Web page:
Roundtree (1998) finds similar results when analyzing survey data from 5,302 Seattle residents. Residents’
perceptions of disorder significantly increased fear of both violent and burglary victimizations. Lane and
colleagues (Lane, 2002; Lane and Fox, 2012; Lane and Meeker, 2000, 2005, 2011) have demonstrated that
neighborhood conditions and signs of disorder are related to levels of fear. Finally, McCoy et al. (1996) note
that dissatisfaction with one’s neighborhood (a possible indicator of incivilities) is a key to residents’ fear.
Methodological Factors
Differing methodologies in the studies may also influence the results. As noted earlier, varying “fear”
measures can contribute to divergent findings. It is not improbable that the same respondents could provide
two different views of fear when asked different questions. For example, survey respondents may give “fearful”
responses when asked about walking alone after dark anywhere “within a mile,” but few “fear” responses to
the likelihood of being raped. Similarly, respondents may feel that crime is a greater problem today than a year
ago, but still not worry much about being mugged. The extent of fear also may vary depending on who is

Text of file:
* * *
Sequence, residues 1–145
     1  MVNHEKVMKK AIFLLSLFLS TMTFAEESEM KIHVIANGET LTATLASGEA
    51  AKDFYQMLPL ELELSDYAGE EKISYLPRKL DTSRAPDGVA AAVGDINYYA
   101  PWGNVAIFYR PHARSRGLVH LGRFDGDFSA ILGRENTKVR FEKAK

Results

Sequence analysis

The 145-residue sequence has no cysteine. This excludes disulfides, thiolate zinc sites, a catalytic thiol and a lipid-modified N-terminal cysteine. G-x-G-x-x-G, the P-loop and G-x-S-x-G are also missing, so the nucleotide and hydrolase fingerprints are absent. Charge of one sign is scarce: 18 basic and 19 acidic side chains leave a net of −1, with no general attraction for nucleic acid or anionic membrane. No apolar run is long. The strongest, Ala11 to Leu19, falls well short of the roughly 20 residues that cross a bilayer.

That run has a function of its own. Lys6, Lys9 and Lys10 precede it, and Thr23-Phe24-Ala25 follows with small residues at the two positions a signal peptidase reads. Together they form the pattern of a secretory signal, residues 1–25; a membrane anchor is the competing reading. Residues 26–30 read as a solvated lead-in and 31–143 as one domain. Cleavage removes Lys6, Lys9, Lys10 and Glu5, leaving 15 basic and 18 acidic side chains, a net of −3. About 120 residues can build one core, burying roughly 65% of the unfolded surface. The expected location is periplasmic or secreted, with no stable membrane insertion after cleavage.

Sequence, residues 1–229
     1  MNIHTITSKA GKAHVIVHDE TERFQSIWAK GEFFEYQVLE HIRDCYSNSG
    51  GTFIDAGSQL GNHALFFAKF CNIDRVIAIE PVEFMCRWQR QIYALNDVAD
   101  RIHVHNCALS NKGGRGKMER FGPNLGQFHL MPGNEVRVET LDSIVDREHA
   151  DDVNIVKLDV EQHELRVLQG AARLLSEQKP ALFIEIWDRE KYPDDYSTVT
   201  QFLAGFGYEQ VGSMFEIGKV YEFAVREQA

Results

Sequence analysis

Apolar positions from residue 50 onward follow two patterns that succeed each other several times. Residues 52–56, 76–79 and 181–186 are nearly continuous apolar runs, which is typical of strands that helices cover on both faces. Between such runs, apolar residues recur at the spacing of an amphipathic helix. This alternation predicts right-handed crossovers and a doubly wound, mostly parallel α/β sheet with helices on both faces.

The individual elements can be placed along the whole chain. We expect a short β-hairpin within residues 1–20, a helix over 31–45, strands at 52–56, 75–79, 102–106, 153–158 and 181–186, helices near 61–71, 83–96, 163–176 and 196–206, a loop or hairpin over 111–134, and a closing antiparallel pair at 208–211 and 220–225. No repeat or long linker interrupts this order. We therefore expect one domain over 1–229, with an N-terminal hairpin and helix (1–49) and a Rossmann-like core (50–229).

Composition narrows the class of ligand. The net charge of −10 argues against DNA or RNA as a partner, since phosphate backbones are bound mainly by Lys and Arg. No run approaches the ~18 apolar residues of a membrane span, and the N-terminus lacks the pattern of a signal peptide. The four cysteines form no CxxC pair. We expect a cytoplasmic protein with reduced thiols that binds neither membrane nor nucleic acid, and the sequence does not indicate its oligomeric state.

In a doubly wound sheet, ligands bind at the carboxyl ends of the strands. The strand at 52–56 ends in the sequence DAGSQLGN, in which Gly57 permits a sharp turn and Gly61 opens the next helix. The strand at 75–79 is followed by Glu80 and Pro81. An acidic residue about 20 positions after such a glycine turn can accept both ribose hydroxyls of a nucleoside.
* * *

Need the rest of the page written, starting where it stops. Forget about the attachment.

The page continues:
answering which questions. Females, for example, worry more about sexual assault than do males. Ferraro
(1995) notes that general fear among women is better understood as an extension of the fear of rape.
Operationalizing fear in different ways, therefore, produces greatly different results. Variation in fear also may
reflect the locale of the study. For example, Chiricos et al. (1997) point out that their results on fear differ from
those of Covington and Taylor (1991), despite the similar concerns addressed in the two studies. They speculate
that the variation is due to differences between Tallahassee, Florida and Baltimore, Maryland. The setting of
the analysis, therefore, can influence the results.
Crime and Fear
Yet another factor influencing the levels of fear involves the actual level of crime. While the fear of crime
varies independently from actual victimization and crime, it would be naive to claim that changes in the crime
rate have no influence on reported fear. Media reports of increasing crime and spectacular offenses
undoubtedly hold some sway over perceptions of safety in the community. Unfortunately, lower crime rates
probably do not bring about lower fear as easily. The media does not promote good news to the same extent as